Story by Budjette Tan
Photo by Brandie Tan
It was all too late when they realized they had buried the key with their grandmother.
Lola Noneng, or `la Nick, as Randy started to call her when he was a toddler, always carried the key to the drawer of her writing desk on her bracelet. It was make-shift bracelet made out of an old telephone cord, tangled with a scapular and an October medal medallion.
So, after the funeral, Randy had no choice but to break open the key lock. They were hoping that some missing papers of `la Nick would be found somewhere in her writing desk.
Randy’s grandmother always spent her evening at that desk, writing on her journal, writing thank you notes and birthday cards to people, and still wrote the occassional letter, despite the fact that she knew all her grandchildren’s email addresses by heart.
Inside the drawer, was a stack of writing paper, unused envelopes, `la Nick’s favorite pens, and, strangely enough, one of Randy’s old comic book; an issue which he thought he lost when their house got flooded during the big typhoon. This was the first comic book ‘la Nick bought for Randy when they went to National Bookstore one Sunday afternoon. It was badly reprinted issue of The Flying Phantom – the story where he fought the alien race made out of time crystals.
As Randy flipped through the comic book, he found a calling card for “Iking’s”, a hardware store / locksmith shop / hopia store located in Binondo.
Turned out, Iking Ling, the owner of the store, was an old friend of ‘la Nick.
Mr. Ling pulled out a dusty box from his store room and brought out a key and key lock set for the writing desk drawer.
“You need to replace the old lock with this one.” He put the key lock in Randy’s palm and then he cupped it with his calloused hands. “You need to do it yourself.” Which sounded strange because Randy was already thinking of calling Mang Robert to install the key lock.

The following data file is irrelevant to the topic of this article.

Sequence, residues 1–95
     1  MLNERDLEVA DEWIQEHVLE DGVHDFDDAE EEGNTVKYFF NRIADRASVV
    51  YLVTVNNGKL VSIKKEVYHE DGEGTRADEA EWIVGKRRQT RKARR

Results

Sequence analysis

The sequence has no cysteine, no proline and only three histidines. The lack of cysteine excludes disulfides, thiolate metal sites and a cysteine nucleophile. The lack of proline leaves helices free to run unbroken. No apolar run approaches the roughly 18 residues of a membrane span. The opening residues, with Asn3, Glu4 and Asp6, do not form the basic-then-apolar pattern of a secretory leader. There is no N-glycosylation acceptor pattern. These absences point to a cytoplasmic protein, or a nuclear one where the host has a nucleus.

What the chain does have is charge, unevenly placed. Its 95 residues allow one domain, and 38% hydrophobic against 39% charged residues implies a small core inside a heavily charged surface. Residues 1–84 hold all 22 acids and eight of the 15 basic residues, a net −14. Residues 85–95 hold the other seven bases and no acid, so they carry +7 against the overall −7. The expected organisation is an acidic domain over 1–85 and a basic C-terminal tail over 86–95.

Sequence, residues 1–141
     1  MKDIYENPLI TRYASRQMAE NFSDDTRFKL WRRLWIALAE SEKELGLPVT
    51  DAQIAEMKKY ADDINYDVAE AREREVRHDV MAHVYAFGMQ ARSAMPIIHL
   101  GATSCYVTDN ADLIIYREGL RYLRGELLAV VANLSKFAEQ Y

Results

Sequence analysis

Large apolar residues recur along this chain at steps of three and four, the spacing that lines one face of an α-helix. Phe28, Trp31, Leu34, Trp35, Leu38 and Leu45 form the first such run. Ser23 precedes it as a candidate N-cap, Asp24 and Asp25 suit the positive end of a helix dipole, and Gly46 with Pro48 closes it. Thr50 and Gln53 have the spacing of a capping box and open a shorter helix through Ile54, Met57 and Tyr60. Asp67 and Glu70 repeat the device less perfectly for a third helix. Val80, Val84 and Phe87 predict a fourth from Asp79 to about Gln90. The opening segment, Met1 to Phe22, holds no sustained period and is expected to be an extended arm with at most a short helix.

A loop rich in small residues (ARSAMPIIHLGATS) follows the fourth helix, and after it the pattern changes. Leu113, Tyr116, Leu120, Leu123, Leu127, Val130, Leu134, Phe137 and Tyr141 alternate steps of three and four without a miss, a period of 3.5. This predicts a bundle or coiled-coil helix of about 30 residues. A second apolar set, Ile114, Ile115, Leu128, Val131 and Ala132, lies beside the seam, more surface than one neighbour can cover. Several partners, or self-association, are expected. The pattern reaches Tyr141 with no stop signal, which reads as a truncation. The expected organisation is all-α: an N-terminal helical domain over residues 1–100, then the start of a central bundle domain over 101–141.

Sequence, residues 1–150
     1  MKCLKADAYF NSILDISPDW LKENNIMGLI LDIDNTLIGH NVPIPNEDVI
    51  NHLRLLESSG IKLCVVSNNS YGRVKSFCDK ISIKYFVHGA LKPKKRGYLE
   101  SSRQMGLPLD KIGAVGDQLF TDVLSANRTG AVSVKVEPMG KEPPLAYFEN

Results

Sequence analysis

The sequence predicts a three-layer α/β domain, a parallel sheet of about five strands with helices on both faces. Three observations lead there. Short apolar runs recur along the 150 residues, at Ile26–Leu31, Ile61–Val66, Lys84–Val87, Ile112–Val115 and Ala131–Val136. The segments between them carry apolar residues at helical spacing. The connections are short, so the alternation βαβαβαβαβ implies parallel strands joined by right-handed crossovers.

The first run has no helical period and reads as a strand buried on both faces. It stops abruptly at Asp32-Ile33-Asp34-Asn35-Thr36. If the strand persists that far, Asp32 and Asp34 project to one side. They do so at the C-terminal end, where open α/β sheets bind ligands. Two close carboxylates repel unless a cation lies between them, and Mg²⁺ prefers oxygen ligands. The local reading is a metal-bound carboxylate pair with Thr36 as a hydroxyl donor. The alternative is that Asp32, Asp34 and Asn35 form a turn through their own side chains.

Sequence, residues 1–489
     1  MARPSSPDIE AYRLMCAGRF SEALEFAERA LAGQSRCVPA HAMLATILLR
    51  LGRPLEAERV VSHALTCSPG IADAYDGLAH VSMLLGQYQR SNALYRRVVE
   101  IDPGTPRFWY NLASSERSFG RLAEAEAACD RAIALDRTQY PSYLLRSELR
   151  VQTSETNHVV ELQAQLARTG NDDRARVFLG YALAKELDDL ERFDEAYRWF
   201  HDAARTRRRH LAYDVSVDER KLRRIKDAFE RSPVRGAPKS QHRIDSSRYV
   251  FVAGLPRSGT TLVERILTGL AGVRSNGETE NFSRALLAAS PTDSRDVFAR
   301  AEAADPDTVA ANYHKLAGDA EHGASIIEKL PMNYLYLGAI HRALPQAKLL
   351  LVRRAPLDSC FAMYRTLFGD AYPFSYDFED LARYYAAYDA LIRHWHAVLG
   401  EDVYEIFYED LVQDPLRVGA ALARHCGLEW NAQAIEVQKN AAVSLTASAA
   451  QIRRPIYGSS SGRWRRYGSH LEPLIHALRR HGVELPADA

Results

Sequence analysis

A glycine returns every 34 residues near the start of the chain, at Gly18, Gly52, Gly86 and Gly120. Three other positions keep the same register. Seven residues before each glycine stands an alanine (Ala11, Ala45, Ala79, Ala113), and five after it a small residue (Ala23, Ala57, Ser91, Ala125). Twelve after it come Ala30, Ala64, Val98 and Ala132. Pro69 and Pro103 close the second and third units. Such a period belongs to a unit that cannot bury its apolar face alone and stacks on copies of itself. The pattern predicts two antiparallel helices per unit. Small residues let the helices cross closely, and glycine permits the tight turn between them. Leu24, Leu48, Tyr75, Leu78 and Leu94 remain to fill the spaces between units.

“I will. I’ll do it myself,” Randy promised.
It didn’t take Randy long to install the key lock, following the instructions that came with the box.
And so he tested the lock, inserted the key, twisted it, pulled out the key, and gave the drawer a firm tug. The drawer was definitely locked.
He then unlocked it and pulled it open.
A sealed envelope popped out of the drawer.
It was addressed to Randy, written in the unmistakable script of ‘la Nick.
Randy opened the envelope and the room was suddenly filled with his grandmother’s favorite perfume.
It was a thank note from his Lola Noneng, thanking him for all the time he visited her, took her out for trips to the nearby mall, or just spent the evening with her, watching her favorite teleserye. And lastly, she thanked him for getting her writing desk fixed.
Randy wiped away his tears, got a piece of paper from the writing pad and wrote a reply to his la’ Nick. He left it in the drawer and locked it.
The next day, he got a reply.
He corresponded with ‘la Nick for a year. She replied to every letter he left for her in the writing drawer. She answered every question except for, where was she writing from and how was this all possible. She also asked Randy to do her favors, running errands, meeting with her old friends and relatives, settling debts and closing old wounds. In that year that Randy served as a mailman for his grandmother, he learned more about ‘la Nick’s life and learned more about his family.
Randy received the last letter from ‘la Nick’s on her first death anniversary, which had one last favor and took Randy most of his lifetime to fulfill.
But on Randy’s 67th birthday, he unlocked the drawer and found a new note.
His grandson found him smiling as he read the letter.
He handed the key to his confused grandson and said, “I’ll be seeing an old friend soon. Here, you take care of this while I’m away. Don’t worry, I’ll be in touch.”